4 Tips to Make Morning Quiet Time a Daily Habit

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The alarm buzzes and you crack open one eye just long enough to hit snooze. Ah, silence.

You know you should get up. For weeks you’ve been saying you want to get intentional about a morning quiet time routine. But now the alarm is off and the pillow seems cozier than ever . . .

Sound familiar?

If you can relate to this kind of morning, don’t worry. You aren’t alone.

Most of us understand what a game-changer morning quiet time can be. It gives you joy and helps you remember God is in control of all the little details. These quiet moments in the morning can set you up for a great day, but sometimes it’s just hard to follow through—especially if you’re not a morning person.

If you need a little help getting that morning routine down, don’t sweat it. Give these tips a try and watch your dream of daily quiet time become a reality.

1. Move the alarm clock.

Moving your alarm clock seems like an insignificant piece of advice, but getting out of bed is a necessary step if you want to prioritize quiet time in the morning. Most people use their phone as an alarm, but they set it right beside their bed before they go to sleep. That makes it all too easy to hit snooze and stay buried under the covers for another thirty minutes!

Instead, set yourself up for success by moving whatever device that wakes you up out of arm’s reach. Now when your alarm goes off in the morning, you have to roll out of bed to turn it off. Once you do that, you’re already up—and more likely to stay up than if you had swatted the alarm and had the opportunity to doze off again.

2. Pick one place.

Decide where you want to have your morning quiet time. What part of your house would you be happy to see each morning when you wake up? Maybe you want to sit at the dining room table and have plenty of room for your coffee mug and your journal, or perhaps you would rather curl up on the couch with a blanket and your Bible.

The important thing here is to choose one location—and stick with it. Going to the same spot each morning will help you develop a routine, which helps you form a consistent habit. So whether you want to sit in the floor of your closet or the swing on your porch, commit to go there every morning. Just make sure the spot you choose is quiet enough for you to focus and not be distracted.

3. Study what interests you.

Your morning quiet time is your time to be with God. It doesn’t necessarily need to follow the pattern of everyone around you. That means you can pick a study that interests you or speaks to your current season of life—and not feel guilty about it. If you’re just starting to develop this morning routine, it’s even more important you select a book or study that sparks your interest.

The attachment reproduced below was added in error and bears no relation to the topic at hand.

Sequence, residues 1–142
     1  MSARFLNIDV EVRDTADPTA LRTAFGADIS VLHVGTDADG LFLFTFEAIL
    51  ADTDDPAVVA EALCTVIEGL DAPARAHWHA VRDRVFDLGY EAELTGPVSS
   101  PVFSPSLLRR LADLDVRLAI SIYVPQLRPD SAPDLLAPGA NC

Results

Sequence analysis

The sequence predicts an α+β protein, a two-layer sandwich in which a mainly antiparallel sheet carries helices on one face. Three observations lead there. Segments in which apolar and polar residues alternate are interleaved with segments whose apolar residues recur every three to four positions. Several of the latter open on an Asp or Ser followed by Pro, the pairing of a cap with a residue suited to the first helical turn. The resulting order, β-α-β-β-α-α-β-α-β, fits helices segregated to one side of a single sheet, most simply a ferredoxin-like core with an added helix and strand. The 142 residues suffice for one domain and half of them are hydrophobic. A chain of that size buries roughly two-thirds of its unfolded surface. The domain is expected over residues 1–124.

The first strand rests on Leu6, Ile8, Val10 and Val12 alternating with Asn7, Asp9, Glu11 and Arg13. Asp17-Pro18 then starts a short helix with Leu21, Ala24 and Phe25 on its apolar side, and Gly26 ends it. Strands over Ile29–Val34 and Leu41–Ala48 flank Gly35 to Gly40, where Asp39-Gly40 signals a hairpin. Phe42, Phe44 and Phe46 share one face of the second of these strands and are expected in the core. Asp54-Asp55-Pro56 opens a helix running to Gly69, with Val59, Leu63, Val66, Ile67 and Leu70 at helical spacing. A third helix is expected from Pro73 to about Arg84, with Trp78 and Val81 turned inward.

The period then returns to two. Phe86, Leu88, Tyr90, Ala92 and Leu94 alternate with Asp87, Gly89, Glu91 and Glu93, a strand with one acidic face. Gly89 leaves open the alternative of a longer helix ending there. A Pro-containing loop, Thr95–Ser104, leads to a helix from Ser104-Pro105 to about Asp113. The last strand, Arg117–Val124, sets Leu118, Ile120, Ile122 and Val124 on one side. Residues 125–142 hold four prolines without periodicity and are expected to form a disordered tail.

Try exploring books of the Bible that deal with topics relating to your life or Scripture that could help you answer questions about the current state of the world. If you want to learn more about raising Godly children, find a Bible study focused on parenting. Use this time to grow closer to God, but don’t be afraid to start with topics that are near and dear to your heart.

4. Start small.

Zechariah 4:10 (NLT) says, “Do not despise these small beginnings, for the Lord rejoices to see the work begin.” Sometimes we decide to pick up a new habit and think we need to go all in—or not at all. But if you decide to start waking up an hour early and aiming to read an entire book of the Bible every morning, you set yourself up to fail.

If you’re just now easing into this new routine, don’t be afraid to start small. God isn’t interested in grading you based on how much you read, pray or journal on any given morning. Read that verse from Zechariah again. God rejoices to see new works begin—even the ones that start small.   

If you feel like you’ve had trouble keeping a morning quiet time in the past, give yourself permission to start again with a clean slate. We are all works in progress—and God knows that! Once you get into the swing of things, you will treasure your quiet time more than any other part of your day. You may even start looking forward to that early morning alarm!

personal-development | @ChrisBrownOnAir